Wednesday, February 7, 2007
Exploring Cajun Country

What a beautiful, sunny, 70-degree day! Hard to believe it's early February. Even here in the South, this is unseasonably warm. I love it! And it's pleasant being someplace with palm trees.

Jana enjoys the sunshine

In Kraemer, an interesting little community of stodgy shacks and gator-filled marsh on Bayou Boeuf, about 45 minutes outside of New Orleans, we showed up without reservation at Torres' Swamp Tour a little past noon. There were no group tours running, but the Torreses were more than happy to give us a two-hour private boat tour for 20 bucks each.

A drawbridge over Bayou Boeuf

Serene swamp scene

Captain Brian Torres, professional alligator hunter and tour guide, warned us that we likely wouldn't be seeing any alligators today because they hibernate in the winter. But sometimes the juvenile gators will come out of hibernation for a day or two if it warms up enough, and we were lucky enough to see two of them, one in the water, and one posing for our photographs while sunning himself on a log.

What it looks like before it's a belt

In addition to the alligators, we also saw snowy egrets, great blue herons, and tons of turtles. Other common wildlife on Bayou Boeuf, which we did not come across, are raccoons, nutrias (a type of giant rodent), and snakes. I didn't mind missing them a bit.

Turtle territory

Snowy egret among cypress stumps

The swamp was more beautiful than I'd imagined, with moss-draped cypress trees, switchgrass, and red-leafed swamp maples. It's very peaceful. The tour was enhanced by the narration provided by Captain Brian with his melodious Cajun accent.

Eerie Spanish moss takes over the trees

Another classic swamp scene

After a picnic lunch swamp-side, we headed for the southern part of Terrebonne Parish on Highway 56, south of Houma, and next stopped at the Chauvin Sculpture Garden in Chauvin, Louisiana, on the eastern bank of the Bayou Petit Caillou, to see the art of Kenny Hill. Do you suppose people from Chauvin are called Chauvinists?

Chauvin Sculpture Garden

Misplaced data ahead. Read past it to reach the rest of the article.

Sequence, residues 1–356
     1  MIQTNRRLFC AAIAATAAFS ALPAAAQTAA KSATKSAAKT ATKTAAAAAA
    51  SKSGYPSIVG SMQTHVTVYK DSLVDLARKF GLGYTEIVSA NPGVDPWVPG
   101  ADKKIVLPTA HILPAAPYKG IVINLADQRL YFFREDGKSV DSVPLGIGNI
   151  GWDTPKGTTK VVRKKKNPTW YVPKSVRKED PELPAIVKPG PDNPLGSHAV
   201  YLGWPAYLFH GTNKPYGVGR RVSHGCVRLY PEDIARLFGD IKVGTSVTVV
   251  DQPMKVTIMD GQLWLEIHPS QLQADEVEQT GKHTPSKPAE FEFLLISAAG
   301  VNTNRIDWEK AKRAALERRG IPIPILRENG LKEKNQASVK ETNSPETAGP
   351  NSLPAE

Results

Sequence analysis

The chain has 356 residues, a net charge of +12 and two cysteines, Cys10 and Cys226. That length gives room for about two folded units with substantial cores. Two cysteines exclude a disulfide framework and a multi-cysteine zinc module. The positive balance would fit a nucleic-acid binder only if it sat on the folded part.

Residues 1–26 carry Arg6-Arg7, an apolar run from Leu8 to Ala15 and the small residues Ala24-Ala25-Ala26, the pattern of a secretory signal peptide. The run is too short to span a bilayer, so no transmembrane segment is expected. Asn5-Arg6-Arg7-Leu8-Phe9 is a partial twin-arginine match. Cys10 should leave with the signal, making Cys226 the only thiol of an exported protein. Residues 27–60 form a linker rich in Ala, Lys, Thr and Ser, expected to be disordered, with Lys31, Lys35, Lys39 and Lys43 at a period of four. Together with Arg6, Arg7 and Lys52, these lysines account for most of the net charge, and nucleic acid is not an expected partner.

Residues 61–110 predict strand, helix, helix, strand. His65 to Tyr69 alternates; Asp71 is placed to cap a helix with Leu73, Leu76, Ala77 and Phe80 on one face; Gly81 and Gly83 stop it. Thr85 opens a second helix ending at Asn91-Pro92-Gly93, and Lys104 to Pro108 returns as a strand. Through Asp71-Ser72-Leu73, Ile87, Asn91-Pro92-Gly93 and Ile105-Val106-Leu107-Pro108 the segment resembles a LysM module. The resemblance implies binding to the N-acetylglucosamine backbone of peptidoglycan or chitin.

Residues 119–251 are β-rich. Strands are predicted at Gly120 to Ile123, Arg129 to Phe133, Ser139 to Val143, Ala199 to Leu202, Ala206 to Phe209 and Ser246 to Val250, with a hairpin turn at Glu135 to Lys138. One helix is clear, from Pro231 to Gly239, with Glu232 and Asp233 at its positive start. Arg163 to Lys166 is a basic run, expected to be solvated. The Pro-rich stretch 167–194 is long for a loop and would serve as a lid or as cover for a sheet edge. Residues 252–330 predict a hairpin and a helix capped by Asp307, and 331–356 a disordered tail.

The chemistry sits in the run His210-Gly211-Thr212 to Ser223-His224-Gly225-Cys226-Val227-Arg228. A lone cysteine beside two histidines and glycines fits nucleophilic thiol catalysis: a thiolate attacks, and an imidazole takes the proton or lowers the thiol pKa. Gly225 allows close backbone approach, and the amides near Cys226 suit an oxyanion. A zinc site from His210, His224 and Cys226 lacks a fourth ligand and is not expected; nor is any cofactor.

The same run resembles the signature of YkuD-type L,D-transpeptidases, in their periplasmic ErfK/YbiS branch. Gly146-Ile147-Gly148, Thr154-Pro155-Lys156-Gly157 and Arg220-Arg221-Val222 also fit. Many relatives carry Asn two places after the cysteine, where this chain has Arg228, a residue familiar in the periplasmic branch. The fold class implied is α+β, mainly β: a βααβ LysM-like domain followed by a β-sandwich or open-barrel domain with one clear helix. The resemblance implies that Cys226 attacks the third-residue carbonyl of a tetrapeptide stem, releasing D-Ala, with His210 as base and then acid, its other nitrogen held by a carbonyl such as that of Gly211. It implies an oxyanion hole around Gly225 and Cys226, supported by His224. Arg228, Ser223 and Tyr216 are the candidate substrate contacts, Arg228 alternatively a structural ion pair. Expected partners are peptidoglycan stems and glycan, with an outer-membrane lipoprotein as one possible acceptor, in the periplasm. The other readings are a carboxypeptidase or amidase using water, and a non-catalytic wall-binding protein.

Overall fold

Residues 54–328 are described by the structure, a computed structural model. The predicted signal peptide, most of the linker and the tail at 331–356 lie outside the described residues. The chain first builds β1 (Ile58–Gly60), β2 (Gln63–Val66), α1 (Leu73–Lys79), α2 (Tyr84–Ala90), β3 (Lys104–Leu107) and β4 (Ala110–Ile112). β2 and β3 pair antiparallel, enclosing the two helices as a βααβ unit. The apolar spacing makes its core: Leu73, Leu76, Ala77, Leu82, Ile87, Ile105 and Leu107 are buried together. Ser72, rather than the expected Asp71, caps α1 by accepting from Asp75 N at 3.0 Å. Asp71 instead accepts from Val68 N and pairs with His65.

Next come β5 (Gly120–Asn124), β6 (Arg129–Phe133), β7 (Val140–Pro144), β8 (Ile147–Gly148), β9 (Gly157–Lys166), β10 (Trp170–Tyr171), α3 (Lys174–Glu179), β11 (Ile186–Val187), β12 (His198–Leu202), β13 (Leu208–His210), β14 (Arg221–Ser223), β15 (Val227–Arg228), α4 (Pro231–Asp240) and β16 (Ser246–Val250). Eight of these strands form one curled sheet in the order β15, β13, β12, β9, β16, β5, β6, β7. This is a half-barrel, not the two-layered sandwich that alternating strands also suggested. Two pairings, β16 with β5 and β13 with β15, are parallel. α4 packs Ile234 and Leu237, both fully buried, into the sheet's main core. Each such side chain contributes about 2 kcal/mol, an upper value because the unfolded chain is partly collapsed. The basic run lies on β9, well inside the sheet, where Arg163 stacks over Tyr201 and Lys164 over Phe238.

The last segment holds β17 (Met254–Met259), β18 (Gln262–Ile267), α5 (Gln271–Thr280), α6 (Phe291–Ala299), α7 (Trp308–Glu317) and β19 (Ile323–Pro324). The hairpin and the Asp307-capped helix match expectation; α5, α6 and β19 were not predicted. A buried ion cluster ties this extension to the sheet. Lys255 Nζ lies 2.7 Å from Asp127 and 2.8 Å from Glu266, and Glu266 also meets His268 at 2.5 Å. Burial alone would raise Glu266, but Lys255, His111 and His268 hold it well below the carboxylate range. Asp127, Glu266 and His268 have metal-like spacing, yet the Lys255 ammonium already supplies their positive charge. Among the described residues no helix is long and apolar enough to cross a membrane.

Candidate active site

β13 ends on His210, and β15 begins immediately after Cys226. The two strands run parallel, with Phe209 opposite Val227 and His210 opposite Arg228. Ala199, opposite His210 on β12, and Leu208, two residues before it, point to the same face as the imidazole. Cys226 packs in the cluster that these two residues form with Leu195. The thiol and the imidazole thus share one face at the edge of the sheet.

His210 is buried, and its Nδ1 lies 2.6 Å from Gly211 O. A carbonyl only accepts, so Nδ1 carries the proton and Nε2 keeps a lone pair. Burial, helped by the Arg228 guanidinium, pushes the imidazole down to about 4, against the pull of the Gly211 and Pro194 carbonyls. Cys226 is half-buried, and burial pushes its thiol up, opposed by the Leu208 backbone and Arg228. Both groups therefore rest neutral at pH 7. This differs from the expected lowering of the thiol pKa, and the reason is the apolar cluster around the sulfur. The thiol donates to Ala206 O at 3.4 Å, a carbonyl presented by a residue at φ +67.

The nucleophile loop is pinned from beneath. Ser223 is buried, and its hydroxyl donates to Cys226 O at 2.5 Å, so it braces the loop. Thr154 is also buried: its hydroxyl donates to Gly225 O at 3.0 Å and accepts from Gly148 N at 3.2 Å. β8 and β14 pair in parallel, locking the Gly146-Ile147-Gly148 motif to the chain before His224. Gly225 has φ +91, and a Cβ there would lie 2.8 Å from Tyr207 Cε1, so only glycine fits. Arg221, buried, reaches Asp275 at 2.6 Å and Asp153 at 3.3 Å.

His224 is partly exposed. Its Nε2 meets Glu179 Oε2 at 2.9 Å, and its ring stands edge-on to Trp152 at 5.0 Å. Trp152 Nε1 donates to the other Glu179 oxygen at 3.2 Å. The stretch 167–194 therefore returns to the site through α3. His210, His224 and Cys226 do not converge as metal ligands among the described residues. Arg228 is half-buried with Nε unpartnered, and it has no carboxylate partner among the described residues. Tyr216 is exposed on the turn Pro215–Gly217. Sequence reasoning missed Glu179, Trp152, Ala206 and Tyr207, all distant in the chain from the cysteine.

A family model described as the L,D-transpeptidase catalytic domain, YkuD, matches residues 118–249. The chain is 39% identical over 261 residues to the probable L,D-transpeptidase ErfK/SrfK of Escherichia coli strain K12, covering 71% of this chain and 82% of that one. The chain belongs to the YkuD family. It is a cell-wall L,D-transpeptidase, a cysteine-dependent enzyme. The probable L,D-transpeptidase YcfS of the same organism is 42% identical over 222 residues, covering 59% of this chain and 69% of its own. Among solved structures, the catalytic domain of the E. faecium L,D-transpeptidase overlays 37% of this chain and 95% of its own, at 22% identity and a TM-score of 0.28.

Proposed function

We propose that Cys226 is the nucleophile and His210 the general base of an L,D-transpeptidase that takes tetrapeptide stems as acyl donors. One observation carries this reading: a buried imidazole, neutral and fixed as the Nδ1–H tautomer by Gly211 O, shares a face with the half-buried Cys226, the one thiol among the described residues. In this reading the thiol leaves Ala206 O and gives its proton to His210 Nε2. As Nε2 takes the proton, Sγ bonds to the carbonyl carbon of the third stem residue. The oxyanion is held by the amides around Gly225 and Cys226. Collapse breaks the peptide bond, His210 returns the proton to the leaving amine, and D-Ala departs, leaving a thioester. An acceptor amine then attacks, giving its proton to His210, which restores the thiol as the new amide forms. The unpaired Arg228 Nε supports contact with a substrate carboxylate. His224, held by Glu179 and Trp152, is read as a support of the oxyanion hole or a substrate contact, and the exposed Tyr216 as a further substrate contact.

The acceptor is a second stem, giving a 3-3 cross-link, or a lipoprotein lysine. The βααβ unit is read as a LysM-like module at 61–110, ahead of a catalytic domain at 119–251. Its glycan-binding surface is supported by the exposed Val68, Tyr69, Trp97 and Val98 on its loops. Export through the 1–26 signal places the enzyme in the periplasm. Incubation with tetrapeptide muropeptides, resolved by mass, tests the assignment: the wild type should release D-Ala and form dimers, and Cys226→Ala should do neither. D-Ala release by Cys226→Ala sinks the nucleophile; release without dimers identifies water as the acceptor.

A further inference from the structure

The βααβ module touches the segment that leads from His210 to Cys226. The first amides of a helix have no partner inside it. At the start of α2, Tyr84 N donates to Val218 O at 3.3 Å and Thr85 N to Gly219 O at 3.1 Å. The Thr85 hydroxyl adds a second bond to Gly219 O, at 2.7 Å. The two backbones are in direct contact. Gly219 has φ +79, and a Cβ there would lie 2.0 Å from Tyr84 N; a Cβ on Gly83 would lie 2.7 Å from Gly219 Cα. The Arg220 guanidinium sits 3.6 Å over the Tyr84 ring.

In 1989 a reclusive bricklayer by the name of Kenny Hill arrived in Chauvin from Arkansas. For over a decade he worked feverishly composing his spiritually-themed sculptures, the inspiration for which, according to his neighbor, came to him in dreams.

In early 2000, after a disagreement with his landlord, Kenny disappeared, leaving his artwork behind, and was never heard from again. The property was subsequently purchased by the Kohler Foundation and gifted to Nicholls State University, which now maintains it as the Chauvin Sculpture Garden.

Angels guard the entrance

Listening to the music of a stringless harp

The bulk of the sculptures are made from cement and wire mesh, while the centerpiece of the garden, a 45-foot-tall tower, is composed of more than 7,000 bricks.

The eclectic tower

Kenny's former next-door neighbor Julius came out to talk to us and told us that many of the sculpted figures resemble Kenny himself. This is a curious place and made a very worthy stop on our quest for oddities.

Kenny Hill in his own image

From Chauvin we continued south to the end of the road at Cocodrie, Louisiana, as far into the wetlands as one can go. From Chauvin to Cocodrie, all the homes are built on seriously tall, telephone-pole-diameter stilts. I wouldn't even consider living anyplace where they anticipate that big of a water incursion. How scary would it be to be home when the water starts to rise? There's a lot of miles between that furthest house and safety.

Stilt trailers over the wetlands

Back in Thibodaux, we ate dinner at a Mexican restaurant, La Casa del Sol, the only non-fast-food place in town we could find. It was good, but we had to examine the menu closely to find a food selection that didn't come covered in gravy. Perhaps they were using the term "gravy" generically to mean enchilada sauce or some such thing, but this is the Deep South, and we weren't willing to take that chance.

We drove around a subdivision after dinner and found the homes decorated with Mardi Gras decorations and Mardi Gras lights, much like Christmas decor, only the color theme is gold, green, and purple. Very pretty!

Back at the hotel, I dared Tom to jump into the ice-cold swimming pool, and he actually did it. I did not join him. Swimming in February! Brrrrr...

Tom takes the plunge

Continue to Day 4

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